As a lecturer at universities, TED talks are a powerful tool to introduce and expand the learning of students. Admittedly, I think that I sometimes get more out of the talks than my students! My approach has been to select a theme for the daily lesson plan; I have some theory to share, an activity, and like to go outside of the classroom to give students something else to think about. For my leadership course, we were working with the topic of “motivation”. CEO’s and leadership are expected to lead and motivate both internally as well as externally. Think of the face of an organization you follow. Nike has Phil Knight. Adidas has Adolf Dassler. Microsoft has Bill Gates. Apple had Steve Jobs. If you compare the companies, they are basically doing the same what and how. What separates organizations is the why; why we are in business and what motivates those who work for or support the business. Enter Simon Sinek.
In his pointed TED talk, Mr. Sinek uses a flip chart to draw circles illustrating the difference between the what-how-why of organizations helping us to understand that successful organizations focus on the why. The why is what motivates employees and customers, and is at the center of the flip chart diagram. For example: what Nike and Adidas do is make clothes and shoes. How they do it is by being innovative in the performance wear market. But why do they do it? Howard Schultz, founder of Starbucks, very clearly states the why in the mission statement: to inspire and nurture the human spirit – one person, one cup and one neighborhood at a time. Doesn’t say anything about brewing coffee or serving up a Frappuccino. What Apple and Microsoft do are make computers and software. How they do it is by hiring the best and creating devices and programs that consumers want. Why do they do it? Why do we choose an iPhone over an Android? Apple’s motto is “think different”. Somehow this transcends to standing in line for 8 hours to be the first to get the latest iPhone or partaking in an interactive Apple store where techs far outnumber any sales person.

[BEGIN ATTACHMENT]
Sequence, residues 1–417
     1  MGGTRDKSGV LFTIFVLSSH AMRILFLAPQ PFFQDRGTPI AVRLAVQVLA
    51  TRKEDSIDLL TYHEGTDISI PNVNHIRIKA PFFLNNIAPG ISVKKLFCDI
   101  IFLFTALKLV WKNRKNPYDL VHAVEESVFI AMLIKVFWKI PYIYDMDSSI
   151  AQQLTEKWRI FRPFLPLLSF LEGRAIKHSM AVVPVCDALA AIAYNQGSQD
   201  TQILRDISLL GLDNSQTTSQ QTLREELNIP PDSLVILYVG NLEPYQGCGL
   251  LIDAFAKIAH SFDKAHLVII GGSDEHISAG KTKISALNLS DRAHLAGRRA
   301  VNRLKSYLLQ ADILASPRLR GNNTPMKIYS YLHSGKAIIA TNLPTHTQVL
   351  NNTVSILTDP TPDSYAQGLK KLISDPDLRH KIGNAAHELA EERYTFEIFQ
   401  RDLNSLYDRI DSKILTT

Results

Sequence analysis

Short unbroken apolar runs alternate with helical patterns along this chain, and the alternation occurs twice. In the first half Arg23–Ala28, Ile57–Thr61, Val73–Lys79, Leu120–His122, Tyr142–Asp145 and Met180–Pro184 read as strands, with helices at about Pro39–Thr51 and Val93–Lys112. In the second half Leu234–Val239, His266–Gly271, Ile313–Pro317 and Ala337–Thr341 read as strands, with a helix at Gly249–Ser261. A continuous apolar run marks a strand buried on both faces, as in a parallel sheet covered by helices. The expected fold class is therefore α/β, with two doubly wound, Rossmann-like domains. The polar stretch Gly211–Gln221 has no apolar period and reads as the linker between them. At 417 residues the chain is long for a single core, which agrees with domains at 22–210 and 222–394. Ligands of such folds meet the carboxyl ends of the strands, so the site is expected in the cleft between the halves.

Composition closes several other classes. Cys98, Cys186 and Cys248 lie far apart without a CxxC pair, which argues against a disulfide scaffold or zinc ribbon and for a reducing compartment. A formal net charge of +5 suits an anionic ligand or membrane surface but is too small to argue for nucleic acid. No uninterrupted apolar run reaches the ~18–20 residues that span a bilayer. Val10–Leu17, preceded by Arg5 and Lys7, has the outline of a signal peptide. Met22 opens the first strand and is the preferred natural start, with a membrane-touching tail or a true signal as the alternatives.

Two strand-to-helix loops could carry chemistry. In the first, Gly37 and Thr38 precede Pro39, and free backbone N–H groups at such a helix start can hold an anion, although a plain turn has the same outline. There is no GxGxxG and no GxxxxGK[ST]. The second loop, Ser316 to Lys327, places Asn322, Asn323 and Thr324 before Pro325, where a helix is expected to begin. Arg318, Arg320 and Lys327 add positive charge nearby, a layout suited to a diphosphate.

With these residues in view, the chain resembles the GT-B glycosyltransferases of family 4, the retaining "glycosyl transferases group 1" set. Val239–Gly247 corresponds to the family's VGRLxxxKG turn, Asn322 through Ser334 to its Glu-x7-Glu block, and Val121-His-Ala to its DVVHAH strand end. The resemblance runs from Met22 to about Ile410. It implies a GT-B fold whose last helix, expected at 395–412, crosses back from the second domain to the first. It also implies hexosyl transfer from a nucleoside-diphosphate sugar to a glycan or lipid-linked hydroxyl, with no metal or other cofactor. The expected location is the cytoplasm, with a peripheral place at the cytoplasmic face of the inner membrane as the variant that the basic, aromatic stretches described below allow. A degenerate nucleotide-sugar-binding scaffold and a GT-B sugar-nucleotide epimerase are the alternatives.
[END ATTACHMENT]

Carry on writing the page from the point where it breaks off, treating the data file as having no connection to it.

Why are your employees motivated to show up each day at your business? You can probably easily answer the what: data process, make sales to customers, or assemble widgets and collect a paycheck. And the how of doing it: with the latest software, through presentations and with automated equipment. But why do they do it? If you can’t answer this, it might be time to consider what motivates your employees, your customers and your business partners. If you have high turnover or lower than projected profits, are not seeing the growth you expect, or don’t have the type of collaborative partnerships you envisioned, this is a strong clue that you do not know the why of your business and if you don’t know, nobody else does either.
How do we appreciate the generation that we have to rely on to build and operate our businesses? A generation that has always had a computer (also known as an appendage), was raised by "helicopter" parents, and will surpass the Baby Boomers in size. We need each other so how do we have the important conversations to help us all be successful?
First, what are the needs? Do you need employees to be on time and work certain hours or do you just need to make sure the work gets done? Do your employees need to have a cell phone on the table during a meeting or does the culture imply that this behavior is okay? In order to understand mutual needs, maybe we need to stop making assumptions.
Second, what kind of leadership do you provide? Are you accessible? Do you provide feedback regularly? If you are a Gen-X'er, you want to be left alone and don't need constant feedback. The children that were raised by the Gen-X'ers do because guess what, that is the world in which they were raised. So adapt your leadership style to motivate your employees.
Conversations of curiosity with all employees will help to better build understanding and bridge what seems to be a vast divide. And if the conversation feels too difficult, there are resources to support your goal.
Sunny E. Sassaman Conflict Management and Dispute Resolution Consultant